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Least developed countries group responds to new report finding ambitious action by G20 countries could limit warming to 1.7°C

Date: 16 September 2021

Thimphu, Bhutan (16 September 2021) – A new report released today by World Resources Institute and Climate Analytics finds that if the G20 – a group accounting for ~75% of global greenhouse gas emissions and 80% of global GDP – were to align their NDCs with a 1.5°C pathway, global warming could be limited to 1.7°C.

Responding to the findings, Mr Sonam P Wangdi, Chair of the Least Developed Countries (LDC) Group in climate negotiations, said:

“G20 countries must take the lead in quickly cutting emissions to mitigate climate change. These are the countries with the greatest capacity and responsibility, and it’s well past time they step up and treat this crisis like a crisis.”

“This report makes it very clear that whether or not we achieve our shared goal of limiting warming to 1.5°C depends on the actions or inactions of the world’s richest nations.”

“Current commitments from the G20 are far from enough to meet the Paris Agreement goals and to safeguard our planet and all its people. We must see more ambition from the G20. We expect the G20 countries to strengthen their NDCs with much greater emissions reductions targets by COP26 in Glasgow.”

“Together, the people living in the least developed countries are the least responsible, yet the worst impacted by climate change. The lives and livelihoods of hundreds of millions are at serious risk. The actions the G20 take now will largely determine the future of our communities, and for some, their very existence.”

“Limited temperature increase to 1.5°C above pre-industrial levels is critical. To do that, global emissions need to halve by 2030. This relies on the G20 urgently making deep cuts in their emissions and providing adequate climate finance to support poorer countries to do the same.”

Background

Key findings of the new report ‘Closing the gap: The impact of G20 climate commitments on limiting global temperature rise to 1.5°C’ include:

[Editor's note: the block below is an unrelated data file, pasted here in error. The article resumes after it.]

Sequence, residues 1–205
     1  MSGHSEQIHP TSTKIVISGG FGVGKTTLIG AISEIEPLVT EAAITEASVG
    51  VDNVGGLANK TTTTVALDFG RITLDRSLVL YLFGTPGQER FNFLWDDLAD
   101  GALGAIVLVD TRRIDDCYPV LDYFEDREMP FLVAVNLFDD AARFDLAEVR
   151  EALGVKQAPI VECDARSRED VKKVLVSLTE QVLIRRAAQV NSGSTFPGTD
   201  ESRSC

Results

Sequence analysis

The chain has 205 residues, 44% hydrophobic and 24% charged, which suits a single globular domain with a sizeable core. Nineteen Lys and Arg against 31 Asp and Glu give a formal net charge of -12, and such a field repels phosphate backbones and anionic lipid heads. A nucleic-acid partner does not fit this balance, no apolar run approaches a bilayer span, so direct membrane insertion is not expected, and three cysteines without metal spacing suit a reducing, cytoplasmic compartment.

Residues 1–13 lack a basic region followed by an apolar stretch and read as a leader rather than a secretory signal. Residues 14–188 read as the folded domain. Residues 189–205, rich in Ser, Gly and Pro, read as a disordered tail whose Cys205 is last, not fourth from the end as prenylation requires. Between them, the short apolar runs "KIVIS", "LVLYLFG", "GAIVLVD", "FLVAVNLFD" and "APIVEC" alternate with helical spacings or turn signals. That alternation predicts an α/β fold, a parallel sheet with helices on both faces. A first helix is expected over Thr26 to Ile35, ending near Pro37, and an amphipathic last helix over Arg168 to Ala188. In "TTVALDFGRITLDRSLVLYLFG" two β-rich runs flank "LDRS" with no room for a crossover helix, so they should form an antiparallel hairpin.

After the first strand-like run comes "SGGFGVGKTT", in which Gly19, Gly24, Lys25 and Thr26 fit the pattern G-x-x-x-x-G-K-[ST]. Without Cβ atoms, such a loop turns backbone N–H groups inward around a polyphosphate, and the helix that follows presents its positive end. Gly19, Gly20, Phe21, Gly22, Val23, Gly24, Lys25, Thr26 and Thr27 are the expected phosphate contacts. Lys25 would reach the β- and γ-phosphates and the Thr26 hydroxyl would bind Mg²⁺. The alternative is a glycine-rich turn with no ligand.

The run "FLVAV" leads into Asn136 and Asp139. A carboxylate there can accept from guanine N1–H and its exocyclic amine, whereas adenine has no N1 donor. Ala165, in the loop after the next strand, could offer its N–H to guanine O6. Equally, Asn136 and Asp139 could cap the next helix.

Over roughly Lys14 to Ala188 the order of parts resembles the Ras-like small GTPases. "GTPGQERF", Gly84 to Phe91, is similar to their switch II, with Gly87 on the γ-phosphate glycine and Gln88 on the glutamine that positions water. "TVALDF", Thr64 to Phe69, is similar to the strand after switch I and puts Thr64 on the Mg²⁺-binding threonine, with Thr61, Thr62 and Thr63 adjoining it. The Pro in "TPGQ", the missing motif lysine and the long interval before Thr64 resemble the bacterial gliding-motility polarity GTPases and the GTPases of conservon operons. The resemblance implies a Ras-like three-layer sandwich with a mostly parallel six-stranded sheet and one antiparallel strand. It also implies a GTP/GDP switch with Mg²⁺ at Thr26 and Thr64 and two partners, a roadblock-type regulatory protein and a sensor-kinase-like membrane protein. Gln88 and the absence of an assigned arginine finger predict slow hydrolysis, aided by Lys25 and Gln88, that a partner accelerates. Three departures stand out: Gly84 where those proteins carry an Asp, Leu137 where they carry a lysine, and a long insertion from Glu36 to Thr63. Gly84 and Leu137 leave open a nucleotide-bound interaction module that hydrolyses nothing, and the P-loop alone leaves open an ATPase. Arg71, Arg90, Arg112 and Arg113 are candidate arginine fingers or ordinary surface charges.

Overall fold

• Current climate commitments by G20 government still leave a very wide 2030 emissions gap
  • If all G20 countries strengthened their 2030 NDCs along a 1.5°C compatible domestic emissions pathway and committed to reach net zero by mid-century, with a faster timeline for developed countries than for developing countries, global temperature rise by 2100 could be limited to 1.7°C.
  • International cooperation is needed. To achieve full decarbonisation on the timeline necessary for 1.5°C compatibility, many developing countries will need financial support to deliver the necessary pace of emissions reductions. This will require an adequate provision of international finance and support from those countries with the greatest responsibility and capacity for addressing climate change to those that need it.

The LDC Group is made up of the 46 Least Developed Countries, which disproportionately suffer from the ever-increasing impacts of climate change despite contributing the least to global warming. Representing over one billion people throughout Africa, Asia-Pacific and the Caribbean, the group negotiates as a bloc in the UN climate negotiations to secure a fair and ambitious global response to climate change.

Mr Sonam P. Wangdi, from the Royal Government of Bhutan, is the current Chair of the LDC Group, and was selected as one of the 100 most influential people in climate policy by apolitical.  

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